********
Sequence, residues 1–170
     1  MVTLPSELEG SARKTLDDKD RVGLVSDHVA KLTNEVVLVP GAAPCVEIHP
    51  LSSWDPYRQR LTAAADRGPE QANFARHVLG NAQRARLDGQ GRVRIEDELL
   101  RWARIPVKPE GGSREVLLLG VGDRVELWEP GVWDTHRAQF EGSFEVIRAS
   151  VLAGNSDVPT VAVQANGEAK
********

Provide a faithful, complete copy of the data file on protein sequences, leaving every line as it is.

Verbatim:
Sequence, residues 1–170
     1  MVTLPSELEG SARKTLDDKD RVGLVSDHVA KLTNEVVLVP GAAPCVEIHP
    51  LSSWDPYRQR LTAAADRGPE QANFARHVLG NAQRARLDGQ GRVRIEDELL
   101  RWARIPVKPE GGSREVLLLG VGDRVELWEP GVWDTHRAQF EGSFEVIRAS
   151  VLAGNSDVPT VAVQANGEAK